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No matter where Americans travel on vacation this summer, chances are Google Maps has already been there, driving through, taking pictures, and peering in from outer space.
But now, the omnipresent technology company is taking its cameras even further, with the "Google Trekker," a roughly 40-pound backpack with cameras that can capture 360-degree images.
This summer, the trekker is going where cars and satellites just can't go, like the Grand Canyon and the Lincoln Memorial.
"The cars wouldn't allow us to go everywhere we wanted to go," said Soufi Esmaeilzadeh, a partner development manager for Google.
Google could not drive cars between the Lincoln Memorial and the Washington Monument, but the trekker can get there.
"It's wonderful to be in Washington, D.C., to be able to capture the beauty, all the history that's here, and allow our users to discover it all around the world," said Esmaeilzadeh.
Ultimately, Google wants the whole world mapped, trekked, and made accessible online.
This June, at the height of travel season, Google launched a pilot program to get more imagery at a lower cost, inviting third parties like tourism boards and non-profits to help. All they have to do is fill out the application online, state their purpose, and hope for a call.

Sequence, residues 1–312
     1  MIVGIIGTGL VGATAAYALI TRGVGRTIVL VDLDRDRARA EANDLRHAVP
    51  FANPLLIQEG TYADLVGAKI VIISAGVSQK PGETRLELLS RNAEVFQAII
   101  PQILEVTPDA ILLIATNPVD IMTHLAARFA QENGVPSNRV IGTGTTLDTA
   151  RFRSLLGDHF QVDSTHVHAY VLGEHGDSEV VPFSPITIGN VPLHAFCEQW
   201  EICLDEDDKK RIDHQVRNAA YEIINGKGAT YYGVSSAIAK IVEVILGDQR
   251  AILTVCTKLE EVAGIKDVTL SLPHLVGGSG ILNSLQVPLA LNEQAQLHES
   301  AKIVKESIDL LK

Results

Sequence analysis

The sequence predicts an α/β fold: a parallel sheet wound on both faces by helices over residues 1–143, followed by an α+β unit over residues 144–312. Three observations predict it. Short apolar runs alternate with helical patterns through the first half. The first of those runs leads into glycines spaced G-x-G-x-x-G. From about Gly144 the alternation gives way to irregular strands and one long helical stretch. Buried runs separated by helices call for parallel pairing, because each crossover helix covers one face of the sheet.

"It allows users to discover places in the world that they may never have the opportunity to go to. Or plan a trip better because they can go outside the door of their hotel, through the streets of Washington, D.C., take a look at the National Mall before arriving here," said Esmaeilzadeh. "Our goal is to build the most comprehensive map."
The Hawaii Visitors and Convention Bureau was among the first to sign up, helping Google get better images of beaches off the beaten path.
But as Google knows, certain places – like a blob in the Netherlands, or an oddly blurred patch in Russia – are not as welcoming as the National Mall or the Grand Canyon. The company has to take in concerns of national security.
"We do go to a lot of public places that we can access, we also go to places that do require permission to film, so we work closely with our partners to ensure that we get the right permissions in place to come, and we also work with them to know which areas they want us to capture, versus which areas that would be more sensitive," said Esmaeilzadeh.
Some parts of the White House grounds are not as crisp as surrounding areas on Google Maps.
"We actually do our blurring based on user feedback that we receive. Interestingly enough, we've actually done a 360-image that we collected inside the White House," said Esmaeilzadeh.
CNN's Jake Tapper put on an "Alien Trekker" to see what Google sees. The trekker is about 4 feet tall, weighs 40 pounds, and comes with 15 lenses that take images in all directions. There is also a small computer where a disk stores captured data, a battery, and two GPS antennas that allow Google to know where the images were taken.
It wasn't exactly comfortable.
The footage of the National Mall will not be available for several months. The still images have to be sent to the Google campus in California, where they will be stitched together to create the 360-degree views displayed on Google Maps.